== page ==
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Renewable Energy

The only rational approach is to step lightly upon the Earth and use our energy resources carefully and sparingly while carefully recording ecological changes linked to the operation of the various generating methods.

                                  Peter Henderson, Pisces Conservation Ltd & University of Oxford

With the possibilty of more renewable energy sites being considered in our vicinity, we have been researching information on positive and negative effects on wildlife of both solar farms and wind turbines.  

Is renewable energy bad for wildlife? 

For the past 20 years or so, renewable energy has been seen as one of the main answers to producing clean energy. However, since 2011, many conservationists, ecologists, wildlife and  environmental groups have expressed concern over the effects of these so called "green" ways of producing energy. Much research has and is being done by renowned institutions such as Oxford University and The University of Berlin, highlighting the ways in which some renewable energy production is   causing harm to wildlife and biodiversity.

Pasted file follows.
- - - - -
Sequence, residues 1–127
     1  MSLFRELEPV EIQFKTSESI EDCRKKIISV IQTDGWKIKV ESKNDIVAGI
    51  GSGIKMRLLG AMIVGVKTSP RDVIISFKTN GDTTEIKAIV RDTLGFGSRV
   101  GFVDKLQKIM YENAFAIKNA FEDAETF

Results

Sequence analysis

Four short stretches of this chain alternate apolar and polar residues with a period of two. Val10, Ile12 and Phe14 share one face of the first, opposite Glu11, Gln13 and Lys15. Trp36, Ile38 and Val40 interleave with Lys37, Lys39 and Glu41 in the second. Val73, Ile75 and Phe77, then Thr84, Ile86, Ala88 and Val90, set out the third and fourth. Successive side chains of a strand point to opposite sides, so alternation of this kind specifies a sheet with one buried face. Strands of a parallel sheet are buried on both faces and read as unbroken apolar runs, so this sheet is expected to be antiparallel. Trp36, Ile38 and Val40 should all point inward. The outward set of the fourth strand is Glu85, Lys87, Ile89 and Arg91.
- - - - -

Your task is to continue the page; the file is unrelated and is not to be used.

Image by Nicholas Doherty

The UK Government's Energy White Paper, "Powering Our Net Zero Future" published in December 2020, highlights the Prime Minister's 10 point plan, including setting out the ways the UK will generate new clean power. Offshore winds farms, nuclear plants and investment in hydrogen technologies are the Government's focus to provide Green Energy for the UK. The White Paper also lays out the way in which the Government will protect our natural environment: "We will safeguard our cherished landscapes, restore habitats for wildlife in order to combat bioidiversity loss and adapt to climate change, all whilst creating green jobs."   

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